They took a creative risk. Dare to be different with this 2006 heavy metal number from Twister Sister's holiday album, A Twisted Christmas. While it's not terrible, it is heavy on blaring electric guitars, but what do you expect from the band that gave us "We're Not Gonna Take It" back in their 1980s heyday? (Decades later, I still consider that jam freaking awesome.)
Twisted Sister's version of this song may not be traditional, but I bet not all of your family members are either. Am I right?
14. "I'll Be Home for Christmas" by She Him
You can rename this version, "Debbie Downer sings 'I'll Be Home for Christmas.'" There is absolutely nothing festive about it. It's as if the narrator is mentally skipping forward to the bleak days of January to ruminate about bills and bad dietary habits.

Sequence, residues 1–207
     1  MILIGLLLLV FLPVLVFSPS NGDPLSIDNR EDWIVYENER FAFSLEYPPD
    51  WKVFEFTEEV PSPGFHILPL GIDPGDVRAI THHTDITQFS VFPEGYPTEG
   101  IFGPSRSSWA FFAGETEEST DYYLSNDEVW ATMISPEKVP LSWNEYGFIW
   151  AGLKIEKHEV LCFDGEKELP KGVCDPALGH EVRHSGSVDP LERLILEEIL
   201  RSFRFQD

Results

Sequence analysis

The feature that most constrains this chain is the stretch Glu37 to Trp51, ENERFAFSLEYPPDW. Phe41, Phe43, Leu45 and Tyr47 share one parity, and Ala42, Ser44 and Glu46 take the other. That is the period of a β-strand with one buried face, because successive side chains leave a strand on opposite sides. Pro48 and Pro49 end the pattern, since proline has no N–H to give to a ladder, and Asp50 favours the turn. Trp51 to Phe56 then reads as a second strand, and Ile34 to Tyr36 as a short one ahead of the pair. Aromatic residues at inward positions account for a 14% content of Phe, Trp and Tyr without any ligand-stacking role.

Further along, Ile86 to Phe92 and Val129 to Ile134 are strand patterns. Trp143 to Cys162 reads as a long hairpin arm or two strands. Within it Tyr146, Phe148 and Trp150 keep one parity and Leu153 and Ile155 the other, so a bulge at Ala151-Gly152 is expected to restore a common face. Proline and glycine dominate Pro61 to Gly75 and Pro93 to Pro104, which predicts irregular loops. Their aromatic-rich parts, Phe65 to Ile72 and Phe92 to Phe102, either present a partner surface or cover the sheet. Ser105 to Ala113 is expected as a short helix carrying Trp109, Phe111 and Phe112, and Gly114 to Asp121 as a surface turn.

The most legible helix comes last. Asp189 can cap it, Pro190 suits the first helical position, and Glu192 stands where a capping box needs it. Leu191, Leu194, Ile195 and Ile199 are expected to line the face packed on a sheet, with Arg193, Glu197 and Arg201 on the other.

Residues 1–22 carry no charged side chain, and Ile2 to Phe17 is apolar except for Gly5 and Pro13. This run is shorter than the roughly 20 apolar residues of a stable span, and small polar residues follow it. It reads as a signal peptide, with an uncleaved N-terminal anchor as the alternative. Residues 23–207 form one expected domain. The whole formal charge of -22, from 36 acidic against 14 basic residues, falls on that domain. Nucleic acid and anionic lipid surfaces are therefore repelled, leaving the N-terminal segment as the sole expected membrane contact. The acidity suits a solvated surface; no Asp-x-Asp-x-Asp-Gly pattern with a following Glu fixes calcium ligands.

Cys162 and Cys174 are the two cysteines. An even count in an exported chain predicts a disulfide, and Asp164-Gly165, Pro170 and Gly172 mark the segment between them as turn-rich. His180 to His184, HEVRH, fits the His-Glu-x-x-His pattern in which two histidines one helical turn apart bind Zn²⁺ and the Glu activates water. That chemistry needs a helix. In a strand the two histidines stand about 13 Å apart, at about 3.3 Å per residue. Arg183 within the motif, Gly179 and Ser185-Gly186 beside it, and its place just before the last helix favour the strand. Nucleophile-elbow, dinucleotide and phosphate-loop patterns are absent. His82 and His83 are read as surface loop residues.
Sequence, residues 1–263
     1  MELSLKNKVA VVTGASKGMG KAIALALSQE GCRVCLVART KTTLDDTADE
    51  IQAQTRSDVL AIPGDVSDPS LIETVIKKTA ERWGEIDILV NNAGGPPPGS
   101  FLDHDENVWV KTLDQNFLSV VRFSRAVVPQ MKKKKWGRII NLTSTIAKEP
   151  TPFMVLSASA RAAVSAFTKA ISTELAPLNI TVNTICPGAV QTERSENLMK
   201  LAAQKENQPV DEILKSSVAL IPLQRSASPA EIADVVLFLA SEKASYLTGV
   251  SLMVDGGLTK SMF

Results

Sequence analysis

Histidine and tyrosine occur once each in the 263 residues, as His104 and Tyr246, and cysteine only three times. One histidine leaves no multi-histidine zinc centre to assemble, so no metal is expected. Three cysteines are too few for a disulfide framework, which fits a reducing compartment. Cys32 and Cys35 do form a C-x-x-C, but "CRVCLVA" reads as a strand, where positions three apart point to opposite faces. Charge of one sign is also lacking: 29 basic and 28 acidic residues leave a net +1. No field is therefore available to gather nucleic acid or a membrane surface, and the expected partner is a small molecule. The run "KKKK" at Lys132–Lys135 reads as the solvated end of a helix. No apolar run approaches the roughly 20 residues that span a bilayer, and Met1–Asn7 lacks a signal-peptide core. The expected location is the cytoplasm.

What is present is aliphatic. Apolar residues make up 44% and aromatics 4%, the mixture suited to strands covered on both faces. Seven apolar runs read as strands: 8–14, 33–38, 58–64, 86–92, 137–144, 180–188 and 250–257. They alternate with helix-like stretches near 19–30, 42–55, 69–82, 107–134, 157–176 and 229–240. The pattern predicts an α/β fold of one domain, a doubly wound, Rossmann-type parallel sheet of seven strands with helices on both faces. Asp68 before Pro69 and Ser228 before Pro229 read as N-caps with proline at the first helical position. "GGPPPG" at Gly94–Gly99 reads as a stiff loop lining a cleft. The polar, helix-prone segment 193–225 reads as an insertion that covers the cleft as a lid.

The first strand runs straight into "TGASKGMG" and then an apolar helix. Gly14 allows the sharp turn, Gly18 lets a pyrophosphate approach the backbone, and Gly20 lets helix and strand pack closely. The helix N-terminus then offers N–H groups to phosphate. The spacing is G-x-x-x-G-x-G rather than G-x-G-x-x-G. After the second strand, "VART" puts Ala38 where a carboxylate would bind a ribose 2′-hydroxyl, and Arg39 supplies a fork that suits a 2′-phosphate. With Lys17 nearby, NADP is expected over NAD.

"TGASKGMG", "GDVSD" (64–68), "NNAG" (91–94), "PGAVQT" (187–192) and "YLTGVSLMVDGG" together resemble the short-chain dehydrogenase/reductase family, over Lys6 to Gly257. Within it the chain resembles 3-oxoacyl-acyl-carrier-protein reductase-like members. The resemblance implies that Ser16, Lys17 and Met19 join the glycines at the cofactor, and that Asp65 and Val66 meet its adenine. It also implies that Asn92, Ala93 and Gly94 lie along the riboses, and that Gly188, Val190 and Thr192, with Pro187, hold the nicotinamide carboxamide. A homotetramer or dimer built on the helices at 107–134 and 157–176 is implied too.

Zooey Deschanel trudges through her vocals with such a somber heart that she almost sounds like she's singing in slow-mo. You can sadly yearn to be with a significant other who is miles away this Christmas, but is sounding this emotionally miserable necessary? Just don't. It'll only make you feel worse.
Readers Weigh In
Reader Poll: Your Favorite Cover Version
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This content is accurate and true to the best of the author’s knowledge and is not meant to substitute for formal and individualized advice from a qualified professional.